SOURCE / ECONOMY
Data shows Australian barley exports to China were dumped; experts say Australia to lose WTO case
Published: Dec 16, 2020 09:16 PM

Farmers harvest highland barley in Kangsar Village, Qamdo City of southwest China's Tibet Autonomous Region, Sept. 10, 2020. Photo:Xinhua



Statistics showed that Australian barley exported to China has shown obvious dumping signs in recent years, which will lead to Canberra's loss in its appeal against Beijing at the World Trade Organization, experts said, after Australia announced plans to challenge China over tariffs on its barley. 

An investigation report found when China increased barley imports from Australia by 67 percent in terms of volume from 2014 to 2017, the import price sank 26.54 percent during the same period. 

 "These are obvious signs of dumping," He Weiwen, an executive council member of the China Society for World Trade Organization Studies, told the Global Times on Wednesday, adding there is an 80-percent chance for Australia to lose the case against China. 

According to an investigation by the China Chamber of International Commerce, China's import volume of Australian barley soared from 3.88 million tons in 2014 to 4.18 million tons in 2018, but the price sank from 2.11 yuan ($0.32) per kilogram to 1.83 yuan during the period. In 2017, when imports peaked at 6.48 million tons, the price of Australian barley sold to China fell to 1.55 yuan per kilogram. 

It is noted that Australia holds about 50 percent of the barley market in China. 

Under the pressure of Australia's dumping and subsidies for barley, the China Chamber of International Commerce said China's barley industry suffered serious losses. 

The planting area of barley in China dropped 12.61 percent from 2014 to 2018, with the domestic barley yield plunging 5.63 percent and the market share of China-grown barley decreasing by 5.02 percentage points. 

To compete with cheap Australian barley, the Chinese barley price dropped from 2.14 yuan per kilogram to 1.97 yuan per kilogram— a 7.94 percent decrease — which led to 58.08 percent increase in losses.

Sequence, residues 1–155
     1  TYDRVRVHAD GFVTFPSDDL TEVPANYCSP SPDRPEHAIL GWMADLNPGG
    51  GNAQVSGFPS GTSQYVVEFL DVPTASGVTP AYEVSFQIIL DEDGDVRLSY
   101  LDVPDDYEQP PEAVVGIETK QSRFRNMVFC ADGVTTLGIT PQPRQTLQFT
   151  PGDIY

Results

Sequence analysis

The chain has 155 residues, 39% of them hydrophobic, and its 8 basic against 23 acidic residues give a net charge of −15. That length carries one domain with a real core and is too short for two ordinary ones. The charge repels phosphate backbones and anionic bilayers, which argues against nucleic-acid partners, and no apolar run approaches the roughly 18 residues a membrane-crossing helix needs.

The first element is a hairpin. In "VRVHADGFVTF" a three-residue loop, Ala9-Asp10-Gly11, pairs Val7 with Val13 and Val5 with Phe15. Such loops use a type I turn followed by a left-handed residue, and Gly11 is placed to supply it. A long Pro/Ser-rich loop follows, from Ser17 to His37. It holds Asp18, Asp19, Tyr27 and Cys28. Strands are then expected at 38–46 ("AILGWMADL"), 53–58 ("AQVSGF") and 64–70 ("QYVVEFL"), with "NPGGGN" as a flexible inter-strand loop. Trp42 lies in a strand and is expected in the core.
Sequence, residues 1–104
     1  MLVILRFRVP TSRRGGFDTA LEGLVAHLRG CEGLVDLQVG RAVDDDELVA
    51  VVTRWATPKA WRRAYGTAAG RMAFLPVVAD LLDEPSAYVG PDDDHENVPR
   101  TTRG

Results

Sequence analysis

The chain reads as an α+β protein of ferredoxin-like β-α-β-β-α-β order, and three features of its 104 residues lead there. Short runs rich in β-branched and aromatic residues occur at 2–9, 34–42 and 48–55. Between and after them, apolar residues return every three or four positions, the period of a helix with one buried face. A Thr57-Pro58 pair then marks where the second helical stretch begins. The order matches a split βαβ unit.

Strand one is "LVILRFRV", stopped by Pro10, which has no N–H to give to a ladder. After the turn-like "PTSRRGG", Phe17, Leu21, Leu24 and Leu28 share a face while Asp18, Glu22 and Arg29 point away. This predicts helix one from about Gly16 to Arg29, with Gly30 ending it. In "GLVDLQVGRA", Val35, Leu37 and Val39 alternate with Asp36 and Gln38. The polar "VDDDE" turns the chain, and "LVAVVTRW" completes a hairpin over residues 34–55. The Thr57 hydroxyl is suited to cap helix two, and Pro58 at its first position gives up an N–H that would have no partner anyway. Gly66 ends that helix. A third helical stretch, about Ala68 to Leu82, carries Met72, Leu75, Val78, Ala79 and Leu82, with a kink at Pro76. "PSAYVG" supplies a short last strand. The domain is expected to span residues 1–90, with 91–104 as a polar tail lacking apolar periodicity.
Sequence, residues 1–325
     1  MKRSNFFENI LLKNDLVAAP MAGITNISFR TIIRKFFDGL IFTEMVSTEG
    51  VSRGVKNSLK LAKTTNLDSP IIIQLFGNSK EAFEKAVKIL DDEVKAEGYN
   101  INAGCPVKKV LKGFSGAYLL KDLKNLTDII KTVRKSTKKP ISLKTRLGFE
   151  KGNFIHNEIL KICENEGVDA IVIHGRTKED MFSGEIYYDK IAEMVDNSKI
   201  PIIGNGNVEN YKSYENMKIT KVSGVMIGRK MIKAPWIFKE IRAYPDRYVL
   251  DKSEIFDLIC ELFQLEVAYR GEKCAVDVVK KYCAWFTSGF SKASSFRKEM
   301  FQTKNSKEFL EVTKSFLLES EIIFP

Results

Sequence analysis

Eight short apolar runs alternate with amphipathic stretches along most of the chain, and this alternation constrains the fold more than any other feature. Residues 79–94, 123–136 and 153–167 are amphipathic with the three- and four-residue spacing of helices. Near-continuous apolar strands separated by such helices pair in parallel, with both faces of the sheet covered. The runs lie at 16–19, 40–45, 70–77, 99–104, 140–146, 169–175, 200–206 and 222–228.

The dumped and subsidized imports greatly dampened Chinese farmers' enthusiasm to grow barley, and had a negative impact on Chinese farmers' income and rural development, the chamber said. 

Xu Rugen, executive director of the beer and barley association in East China's Jiangsu Province and chairman of Shanghai-based Tianxiang, said that Australian's barley exports to China have taken away the pricing power of domestic barley growers. 

According to him, farmers in China lost interest in growing barley as a large influx of Australian barley forced domestic prices to fall. The barley-growing area in Jiangsu Province declined to 1 million mu (66,666 hectares) from more than 3 million mu in the past few years, he noted. 

As a result, China in May imposed five years of anti-dumping and anti-subsidy duties totaling 80.5 percent on Australia's barley.

Responding to Australia's WTO appeal, Wang Wenbin, a Chinese Foreign Ministry spokesman, on Wednesday told a regular briefing that the Australian government should take China's concerns seriously, and take concrete action to correct its discriminatory practices against Chinese companies. 

"It is not difficult to provide evidence that Chinese firms suffered from the losses caused by Australian products, which are sold at below-cost prices. The power of interpretation of how Chinese firms suffered the losses lies in China's hand. With the evidence, China will win the lawsuit," said Huo Jianguo, vice chairman of the China Society for World Trade Organization Studies. 

Calling the China-imposed tariffs "reasonable," Zhou Rong, a senior research fellow at the Chongyang Institute for Financial Studies at the Renmin University of China, told the Global Times that Australia is unable to make up for the loss of exports to China if it relies on domestic demand due to the small population base in the country. 

"Besides, as Joe Biden is going to take office in the US, it is hard to tell whether Australia will win support from the US if it keeps discriminating China, such as banning Huawei's 5G," Zhou warned. 


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